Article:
In a standard economy, currency appreciation cools inflation by decreasing import prices. China’s imports are mainly raw materials, equipment and components. A small currency appreciation would have virtually no effect toward cooling inflation. So while a small appreciation might be justified politically, it should not be used to fight inflation.

On the other hand, a major appreciation or revaluation could cool inflation by removing further currency appreciation expectations. It would trigger a hot money exit from China, creating a liquidity crunch that would almost certainly burst the property bubble. I doubt anyone would support such a policy move.

For China to achieve a soft landing from the current property bubble – if this is at all possible – interest rates must steadily increase by 2 percentage points in 2010, another 3 points in 2011, and further in 2012. Such a trajectory for interest rates would not burst the bubble, but it would prevent real estate interest rates from further declining in an atmosphere of rising inflation.

And insight on the real cause of Chinese trade surplus: that of suppressed consumption.

I am surprised that China is still running a trade surplus. …The surplus, I think, can be attributed more to distortions in domestic pricing than the currency’s cheapness.

First, high property prices are a major deterrent to middle class consumption…. But first-time buyers, such as newlyweds, have to save more to purchase property. Indeed, since prices are so high, parents have to save to help them…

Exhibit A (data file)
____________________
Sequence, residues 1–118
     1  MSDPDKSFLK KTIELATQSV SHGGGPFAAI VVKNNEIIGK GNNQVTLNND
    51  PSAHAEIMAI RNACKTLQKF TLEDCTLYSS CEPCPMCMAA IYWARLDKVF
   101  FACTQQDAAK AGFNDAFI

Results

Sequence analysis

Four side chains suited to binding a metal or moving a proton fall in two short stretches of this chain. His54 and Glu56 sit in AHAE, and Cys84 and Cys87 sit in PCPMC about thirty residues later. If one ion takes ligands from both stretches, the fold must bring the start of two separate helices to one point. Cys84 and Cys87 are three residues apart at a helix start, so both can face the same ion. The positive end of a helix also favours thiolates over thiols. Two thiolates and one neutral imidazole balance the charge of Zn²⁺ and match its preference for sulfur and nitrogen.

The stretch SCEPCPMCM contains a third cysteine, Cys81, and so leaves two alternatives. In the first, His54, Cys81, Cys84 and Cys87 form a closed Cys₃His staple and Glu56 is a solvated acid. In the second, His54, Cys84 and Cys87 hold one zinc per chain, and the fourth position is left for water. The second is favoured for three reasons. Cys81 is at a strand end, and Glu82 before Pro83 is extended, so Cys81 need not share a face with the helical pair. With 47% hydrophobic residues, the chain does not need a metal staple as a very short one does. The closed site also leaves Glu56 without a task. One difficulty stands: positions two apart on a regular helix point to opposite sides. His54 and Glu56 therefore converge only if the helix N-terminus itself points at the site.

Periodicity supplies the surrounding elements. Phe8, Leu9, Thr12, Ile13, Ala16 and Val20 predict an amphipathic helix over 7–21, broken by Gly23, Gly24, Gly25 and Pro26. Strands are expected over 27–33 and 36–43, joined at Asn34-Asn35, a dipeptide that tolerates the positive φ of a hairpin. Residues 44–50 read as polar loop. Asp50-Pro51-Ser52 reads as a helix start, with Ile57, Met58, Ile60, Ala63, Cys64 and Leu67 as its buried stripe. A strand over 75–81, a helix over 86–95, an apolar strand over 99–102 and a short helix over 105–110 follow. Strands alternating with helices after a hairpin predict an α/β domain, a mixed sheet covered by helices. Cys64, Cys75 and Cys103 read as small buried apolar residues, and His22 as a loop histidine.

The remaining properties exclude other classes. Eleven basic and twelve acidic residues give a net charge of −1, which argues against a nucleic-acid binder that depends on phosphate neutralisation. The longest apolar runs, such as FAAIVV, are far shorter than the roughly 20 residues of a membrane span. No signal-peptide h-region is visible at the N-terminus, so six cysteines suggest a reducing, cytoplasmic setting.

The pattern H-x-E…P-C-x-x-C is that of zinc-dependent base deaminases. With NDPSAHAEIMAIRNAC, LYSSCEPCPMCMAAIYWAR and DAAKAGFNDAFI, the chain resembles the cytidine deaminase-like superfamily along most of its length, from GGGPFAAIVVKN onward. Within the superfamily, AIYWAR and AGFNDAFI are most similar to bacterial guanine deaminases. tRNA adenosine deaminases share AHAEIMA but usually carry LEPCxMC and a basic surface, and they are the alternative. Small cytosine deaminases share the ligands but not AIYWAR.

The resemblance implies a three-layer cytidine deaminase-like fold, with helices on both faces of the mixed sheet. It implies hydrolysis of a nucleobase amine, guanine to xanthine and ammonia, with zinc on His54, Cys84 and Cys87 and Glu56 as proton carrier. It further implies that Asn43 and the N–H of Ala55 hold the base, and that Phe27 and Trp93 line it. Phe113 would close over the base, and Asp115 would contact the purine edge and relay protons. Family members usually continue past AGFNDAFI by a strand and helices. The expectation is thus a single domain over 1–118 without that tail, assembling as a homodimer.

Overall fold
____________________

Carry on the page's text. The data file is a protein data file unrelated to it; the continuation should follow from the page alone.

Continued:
Second, prices for middle class goods and services are very high. Autos stand out: Prices in China for cars, even those built domestically, are the highest in the world. …

Third, China’s taxes on the middle class are too high. The top marginal income tax rate of 45 percent applies at quite low income levels by international standards. The 17 percent VAT is also among the highest in the world. Because China tends to invest its tax proceeds, high taxes suppress consumption.

So to balance trade and boost consumption, structural changes in the economy is needed rather than tweaking the exchange rate. Yes, this will take a decade to bear serious fruit and won’t help those facing elections in November. Well, too bad. Life sucks.

Written by Cindy Luk

April 13, 2010 at 3:01 am

Is RMB revaluation imminent?

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The rumor mill has gone on a overdrive with speculation that the RMB is going to appreciate in the short term. Timmy’s surprise visit to Beijing is cited as a hint. After all, why would he make the trip if not to ask for more? Simply widening RMB’s trading band is seen as not enough to appease this time around.

There may be some truth in this reasoning, but one has to ask is China likely to agree? Even if they do decide to appreciate, how likely is that they will do it now? Bear in mind they’re due reporting the first trade deficit in 6 years, the Sino-US Stretegic & Economic Dialogue is coming up in May and US elections in November. Currency war is NOT going away, and they do have millions of jobs on the stake. Giving it all at the first request simply is not good negotiating technique.

All three members of the freshly minted members of the Monetary Policy Committee of the PBoC have given interviews lately. While they favor a more flexible exchange rate mechanism, they see the RMB to appreciate by 5% within the year at the most. Another adviser to China’s powerful planning commission predicts just 3% appreciation this year. Goh Chok Tong, the Senior Minister of Singapore and the chairman of its central bank comments publicly on the BoAo Forum (the Asian version of Davos for the non-initiated) today that it’s time for China to adopt a more flexible exchange rate mechanism. But the points to take home are the caveats:

The problem that the RMB is facing is not simply appreciation, of real importance is to change the existing exchange rate mechanism. The mechanism to peg tightly to the USD will hurt Chinese economy.

Now a small, paternalistic (some might even argue authoritarian) nation like Singapore doesn’t usually butt in the affairs of China. But there’s talk that China’s new mechanism will bring more currencies to the peg basket, a la Singapore.